The lower house of Argentina has approved Javier Milei’s comprehensive reform proposal.

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The lower house of Argentina’s government, known as the Chamber of Deputies, has granted general approval to President Javier Milei’s comprehensive reform bill in a vote on Friday, following several days of discussion. This sets the stage for a final vote in the Senate.

The highly debated reform package was passed with 144 votes in favor and 109 votes against.

Members of the lower house of parliament will vote on each individual part of the proposed legislation, starting on 6 February. However, with the overall approval, it is likely that the bill will now move on to the upper house in some capacity.

In recent days, demonstrators holding flags and against Milei’s changes have engaged in multiple confrontations with police officers stationed outside the classical congressional building with a green dome. Some have even thrown rocks at the officers.

The large bill plays a crucial role in Milei’s efforts to reform Argentina’s struggling economy, which is facing challenges such as inflation over 200%, low foreign currency reserves, and a looming deadline for debt payments to creditors and investors.

A group of pensioners clash with riot police during a protest outside the Congress in Buenos AiresView image in fullscreen

The changes included in the legislation cover a variety of areas, from economic strategies to the transfer of state-owned organizations to private ownership. These reforms are a significant component of Milei’s efforts to address the severe economic crisis in the South American nation and prevent the depletion of government funds.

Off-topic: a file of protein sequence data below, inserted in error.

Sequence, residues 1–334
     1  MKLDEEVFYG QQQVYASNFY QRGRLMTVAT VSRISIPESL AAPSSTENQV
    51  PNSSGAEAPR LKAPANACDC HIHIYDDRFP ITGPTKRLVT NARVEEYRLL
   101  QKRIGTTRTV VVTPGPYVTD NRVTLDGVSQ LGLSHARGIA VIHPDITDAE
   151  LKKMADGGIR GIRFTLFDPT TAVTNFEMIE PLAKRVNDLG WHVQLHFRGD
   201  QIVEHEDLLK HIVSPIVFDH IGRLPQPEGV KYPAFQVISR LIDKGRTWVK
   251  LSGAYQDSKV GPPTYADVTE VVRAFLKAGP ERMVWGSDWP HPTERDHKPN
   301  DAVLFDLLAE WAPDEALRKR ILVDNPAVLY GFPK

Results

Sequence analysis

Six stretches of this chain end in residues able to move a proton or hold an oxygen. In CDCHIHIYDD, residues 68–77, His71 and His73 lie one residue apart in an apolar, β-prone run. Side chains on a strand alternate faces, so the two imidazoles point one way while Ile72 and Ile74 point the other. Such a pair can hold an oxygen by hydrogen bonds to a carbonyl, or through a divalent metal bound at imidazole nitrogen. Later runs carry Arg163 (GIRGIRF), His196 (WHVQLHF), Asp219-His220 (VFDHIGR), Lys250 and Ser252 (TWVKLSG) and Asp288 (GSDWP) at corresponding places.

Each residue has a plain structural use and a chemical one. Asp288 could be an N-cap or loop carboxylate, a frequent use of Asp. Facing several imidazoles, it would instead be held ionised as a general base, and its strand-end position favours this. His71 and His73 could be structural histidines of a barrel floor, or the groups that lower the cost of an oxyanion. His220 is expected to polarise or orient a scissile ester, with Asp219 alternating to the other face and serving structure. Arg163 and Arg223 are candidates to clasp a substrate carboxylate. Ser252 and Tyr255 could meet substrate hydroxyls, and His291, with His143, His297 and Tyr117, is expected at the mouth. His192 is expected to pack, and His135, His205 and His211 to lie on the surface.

After a lengthy and intense discussion in the lower house, the vote was taken, with members of the primary center-left opposition party, Union por la Patria, expressing strong opposition to Milei’s proposals while urging them to not block the bill.

Milei’s party, La Libertad Avanza, has a limited number of seats in the 257-seat chamber. However, they were able to gather enough support from similar allies, including the main centre-right coalition of parties, Juntos por el Cambio, to push the bill forward.

Last week, the government led by Milei removed controversial spending reforms from the fiscal section of the bill, resulting in a successful tactic to increase its support.


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